Prince Constantin Czartoryski [ Konstanty Adam Czartoryski ] (1777-1866), Polish patriot who served under Napoleon, raising a regiment at his own expence
Paris, 26 September 1819.
For more information on Czartoryski, see his entry in the Annual Register for 1860, p.407. 1p., 12mo. On bifolium. In good condition, on lightly-aged paper. The recipient is not named, but is an Italian-speaker, as the letter is docketted 'Parigi 1819 | 26 Sett. | Princp. Cost. Czartoryski'. Fifteen lines of text, requesting, in florid tones, that a letter be forwarded to his brother, 'qui doit être dans ce moment ci à Livourne pour y faire prendre des bains'.
John Caley (1760-1834), English antiquary, Secretary to the First Record Commission [ Dr Adam Clarke (1760-1832) of Milbrook, Lancashire, Methodist minister and antiquary ]
Grays Inn [ London ], 19 March 1811.
1p., 12mo. In fair condition, on aged paper, with negligible traces of mount adhering to the blank reverse of the leaf. Addressed to 'Dr Clarke | Harper St.' After explaining that the Commissioners of the Public Records want lists of the new plates for the first volume of 'Foeder', and another list of 'the old ones necessary to be re engraved', reminds him that he promised the latter list 'in September last'.
[Sail to Steam] Samuel Read (1796-1863) of Chatham Dockyard and School of Naval Architecture [Admiral Henry John Chetwynd-Talbot, Viscount Ingestrie (1803-1868); Admiral Sir Charles Adam (1780-1853)]
Chatham. 12 March 1839.
A substantial letter, 3pp., foolscap 8vo. 100 lines of text. Bifolium. In very good condition, on aged paper, with one closed along crease line neatly repaired with archival tape. Addressed on reverse of second leaf, with Chatham postmark, frank, and black wax seal, to 'Viscount Ingestrie M:P. | 2 Wilton Crescent | Belgrave Square | London'. An interesting document, in which a distinguished Victorian naval architect makes detailed criticisms of an innovation in his field. (HMS Gorgon was designed by Sir William Symonds and launched in 1837.
Lieutenant-General Archibald Robertson (1745-1813) of Lawers, Perthshire [Adam Rolland]
[Scotland.] Made 19 December 1814; recorded 1833.
2pp., foolscap 8vo. Bifolium. In good condition, on lightly-aged paper. Docketted on reverse of second leaf, including the information that this is the second recording (the first being made at the time of the document in 1814). The extract ('Sexto') concerns the payment of an 'Annuity of Eleven hundred pounds Sterling bequeathed to he said Mrs. Catherine Robertson by the said Lieut. General Archibald Robertson'. Robertson is the subject of a portrait by George Romney, now in the Museum of Fine Art, St Petersburg, Florida.
Sir Adam Fergusson (1733-1813) of Kilkerran [Earl of Glencairn; Hugh Montgomerie (1739-1819), 12th Earl of Eglinton, Lord Lieutenant, County of Ayr; Scottish militia; Kilbride, Ayrshire, Scotland]
Kilmarnock [Scotland]. 28 July 1798.
1p., 4to. In fair condition, on aged paper with loss to corners caused by removal from mount. Glencairn writes that with Eglinton's 'approbation' he offers 'to raise for His Majesties Service an Independant [sic] or Volunteer Company in the Parish of Kilbride Ayrshire Consisting of Sixty Men inclusive of non comissioned [sic] Officers Drums & Fifes or otherways as shall be deem'd most proper - upon the Same Footing and Regulations as other Independant [sic] or Volunteer Companys - and to serve within the District'.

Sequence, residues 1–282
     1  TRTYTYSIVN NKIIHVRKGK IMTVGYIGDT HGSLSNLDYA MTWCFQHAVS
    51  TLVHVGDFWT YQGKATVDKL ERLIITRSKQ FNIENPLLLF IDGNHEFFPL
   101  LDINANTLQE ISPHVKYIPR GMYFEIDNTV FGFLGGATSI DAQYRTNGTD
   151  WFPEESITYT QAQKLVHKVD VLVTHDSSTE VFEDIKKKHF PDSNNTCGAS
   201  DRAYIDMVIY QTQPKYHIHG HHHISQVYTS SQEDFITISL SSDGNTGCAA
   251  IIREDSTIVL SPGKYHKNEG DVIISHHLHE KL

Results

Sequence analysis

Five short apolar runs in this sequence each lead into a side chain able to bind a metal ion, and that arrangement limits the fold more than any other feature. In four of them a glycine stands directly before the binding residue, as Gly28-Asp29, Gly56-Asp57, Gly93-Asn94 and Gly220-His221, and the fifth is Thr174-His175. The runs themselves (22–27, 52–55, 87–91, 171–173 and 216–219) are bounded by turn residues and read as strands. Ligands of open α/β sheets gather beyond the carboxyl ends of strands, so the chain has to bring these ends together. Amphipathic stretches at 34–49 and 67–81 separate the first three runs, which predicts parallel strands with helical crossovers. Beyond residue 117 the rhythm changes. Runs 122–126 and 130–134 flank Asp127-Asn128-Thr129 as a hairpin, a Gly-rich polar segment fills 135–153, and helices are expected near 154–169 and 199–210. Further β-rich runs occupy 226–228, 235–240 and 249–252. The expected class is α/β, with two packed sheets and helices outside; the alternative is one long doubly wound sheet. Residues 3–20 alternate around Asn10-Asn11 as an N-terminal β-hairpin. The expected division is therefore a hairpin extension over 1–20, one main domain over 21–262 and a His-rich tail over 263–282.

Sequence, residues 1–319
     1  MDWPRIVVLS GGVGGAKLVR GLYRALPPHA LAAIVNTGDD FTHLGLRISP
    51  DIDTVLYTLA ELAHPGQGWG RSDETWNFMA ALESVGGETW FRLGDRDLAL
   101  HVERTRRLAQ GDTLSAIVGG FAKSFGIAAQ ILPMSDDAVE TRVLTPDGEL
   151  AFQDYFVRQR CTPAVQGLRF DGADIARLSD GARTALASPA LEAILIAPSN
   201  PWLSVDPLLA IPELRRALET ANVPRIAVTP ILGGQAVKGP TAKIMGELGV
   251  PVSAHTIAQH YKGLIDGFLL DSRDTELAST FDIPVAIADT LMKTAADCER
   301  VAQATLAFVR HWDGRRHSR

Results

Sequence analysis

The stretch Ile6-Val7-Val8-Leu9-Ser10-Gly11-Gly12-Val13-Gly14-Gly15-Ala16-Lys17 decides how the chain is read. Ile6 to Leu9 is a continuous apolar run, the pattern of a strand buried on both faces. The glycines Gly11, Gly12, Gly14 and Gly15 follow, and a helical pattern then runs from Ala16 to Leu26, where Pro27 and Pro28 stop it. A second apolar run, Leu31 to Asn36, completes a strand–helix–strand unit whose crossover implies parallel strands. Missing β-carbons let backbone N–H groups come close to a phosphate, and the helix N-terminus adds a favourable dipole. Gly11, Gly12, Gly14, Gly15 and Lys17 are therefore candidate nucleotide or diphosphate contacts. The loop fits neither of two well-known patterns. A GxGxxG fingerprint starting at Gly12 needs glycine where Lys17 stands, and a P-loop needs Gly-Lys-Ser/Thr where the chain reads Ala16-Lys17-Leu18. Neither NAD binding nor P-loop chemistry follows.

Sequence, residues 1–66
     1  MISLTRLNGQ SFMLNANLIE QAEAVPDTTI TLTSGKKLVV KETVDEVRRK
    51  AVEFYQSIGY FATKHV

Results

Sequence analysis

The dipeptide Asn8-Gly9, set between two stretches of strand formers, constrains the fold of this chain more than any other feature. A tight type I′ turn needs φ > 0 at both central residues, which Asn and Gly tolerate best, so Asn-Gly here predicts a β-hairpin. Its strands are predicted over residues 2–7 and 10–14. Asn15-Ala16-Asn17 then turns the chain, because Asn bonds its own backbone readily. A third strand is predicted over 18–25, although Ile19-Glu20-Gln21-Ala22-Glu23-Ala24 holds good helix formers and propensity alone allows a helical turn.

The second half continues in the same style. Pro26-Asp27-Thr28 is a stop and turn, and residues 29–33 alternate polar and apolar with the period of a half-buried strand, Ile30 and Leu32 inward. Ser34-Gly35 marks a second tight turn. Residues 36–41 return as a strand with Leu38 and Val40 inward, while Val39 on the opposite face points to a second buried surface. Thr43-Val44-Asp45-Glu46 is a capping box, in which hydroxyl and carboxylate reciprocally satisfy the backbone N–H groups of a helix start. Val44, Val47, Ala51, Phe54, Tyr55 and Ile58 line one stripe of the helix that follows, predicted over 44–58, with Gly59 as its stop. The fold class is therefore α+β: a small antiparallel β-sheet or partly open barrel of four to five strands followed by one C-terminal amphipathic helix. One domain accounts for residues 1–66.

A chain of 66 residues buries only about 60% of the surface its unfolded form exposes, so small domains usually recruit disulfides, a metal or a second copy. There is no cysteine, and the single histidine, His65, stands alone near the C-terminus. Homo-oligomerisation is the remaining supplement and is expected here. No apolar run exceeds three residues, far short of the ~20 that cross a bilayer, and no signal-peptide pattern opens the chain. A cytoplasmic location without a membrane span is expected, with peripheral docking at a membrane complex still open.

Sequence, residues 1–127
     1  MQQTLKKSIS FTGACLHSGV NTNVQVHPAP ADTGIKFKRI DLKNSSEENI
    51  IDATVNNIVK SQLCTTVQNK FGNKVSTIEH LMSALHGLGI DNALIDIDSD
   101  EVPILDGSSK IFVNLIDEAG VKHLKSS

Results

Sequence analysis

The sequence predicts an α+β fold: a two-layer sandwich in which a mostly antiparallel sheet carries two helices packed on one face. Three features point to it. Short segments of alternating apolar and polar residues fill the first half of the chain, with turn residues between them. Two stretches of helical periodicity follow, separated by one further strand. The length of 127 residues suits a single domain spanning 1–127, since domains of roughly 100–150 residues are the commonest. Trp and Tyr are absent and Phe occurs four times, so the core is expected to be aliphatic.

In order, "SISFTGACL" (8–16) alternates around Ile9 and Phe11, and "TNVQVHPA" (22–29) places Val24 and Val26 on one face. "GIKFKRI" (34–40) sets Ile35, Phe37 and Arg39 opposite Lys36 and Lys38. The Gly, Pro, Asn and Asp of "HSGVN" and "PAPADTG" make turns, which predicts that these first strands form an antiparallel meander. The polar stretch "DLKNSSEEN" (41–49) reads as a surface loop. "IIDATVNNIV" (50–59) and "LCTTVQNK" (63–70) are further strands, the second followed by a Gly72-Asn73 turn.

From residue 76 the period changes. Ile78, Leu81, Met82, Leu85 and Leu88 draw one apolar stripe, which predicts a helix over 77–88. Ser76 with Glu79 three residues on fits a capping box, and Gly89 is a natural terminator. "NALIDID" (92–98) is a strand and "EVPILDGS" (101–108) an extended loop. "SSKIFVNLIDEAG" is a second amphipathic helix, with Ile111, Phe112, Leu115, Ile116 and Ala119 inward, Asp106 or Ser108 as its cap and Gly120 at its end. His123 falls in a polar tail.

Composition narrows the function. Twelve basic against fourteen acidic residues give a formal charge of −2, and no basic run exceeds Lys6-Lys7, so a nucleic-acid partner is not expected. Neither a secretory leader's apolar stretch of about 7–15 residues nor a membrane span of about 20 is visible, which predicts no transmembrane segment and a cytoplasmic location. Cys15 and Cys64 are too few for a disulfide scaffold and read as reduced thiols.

Sir Adam Fergusson (1733-1813) of Kilkerran, Ayr, Scotland [Earl of Glencairn and Lord Kilmaurs]
Scotland and England; 1796 and 1797.
The background to the collection is simply stated. On the death of the 15th Earl of Glencairn in 1796 the title became dormant. It was claimed by Fergusson (praised by Boswell but dismissed by Johnson as 'a vile Whig' and derided by Burns as 'aith-detesting chaste Kilkerran') as heir of the line of the 10th Earl. Fergusson's claim was opposed by Sir Walter Montgomery Cunningham of Corshill, as presumed heir male along with Lady Henriet Don, sister of the 15th Earl, and wife of Sir Alexander Don of Newton Don, Roxburghshire.
Edward Meyrick Goulburn (1818-1897), Dean of Norwich from 1866 to his death, and Headmaster of Rugby, 1849-1857 [Adam Sedgwick (1785-1873); St Catharine's College, Cambridge]
On letterhead of The Deanery, Norwich. 9 January 1873.
4pp., 12mo. 51 lines of text. Bifolium. On aged paper. The context is explained by the fact that until 1927 one canonry in the cathedral establishment of Norwich was attached to the Mastership of St. Catharine's College. The letter begins: 'I have requested the Master of Catherine [sic] [Charles Kirkby Robinson] to read you two letters from Canon Nisbet, which will show you how very litle prospect there is of our getting permission from the Ecclesiastical Commissioners to spend any part of the money gained by our sale of the Barracks in the improvement of our Canonry Houses.
Frederick A. Pottle [Frederick Albert Pottle] (1897-1987), biographer of James Boswell, and editor of his journals [Charles McCamic, Johnsonian; Chauncey Brewster Tinker; Robert Borthwick Adam]
Both from 367 Elm Street, New Haven, Connecticut (one on a letterhead). 12 May and 11 June 1928.
Both letters fair, on aged paper. Letter One: 12mo, 4 pp. Discussing the possibility that McCamic might be able to 'stop-over in New Haven' on his journey to Smith. 'You might be interested to see the proofs of the Bibliography'. 'This has been a hard letter to write, and doesn't sound as cordial as I should wish, [...] I wish I could invite you to stay with me on the night of the 15, but I live in a small apartment and have no accomodations [sic] for guests'. Letter Two: 10pp., small 4to.
E. Ray Lankester [Sir Edwin Ray Lankester] (1847-1929), Professor of Zoology in University College, London [Adam Sedgwick (1854-1913); Professor Carl Claus]
11 Wellington Mansions, North Bank, N.W., on cancelled letterhead of the Savile Club, Piccadilly; 20 January [no year]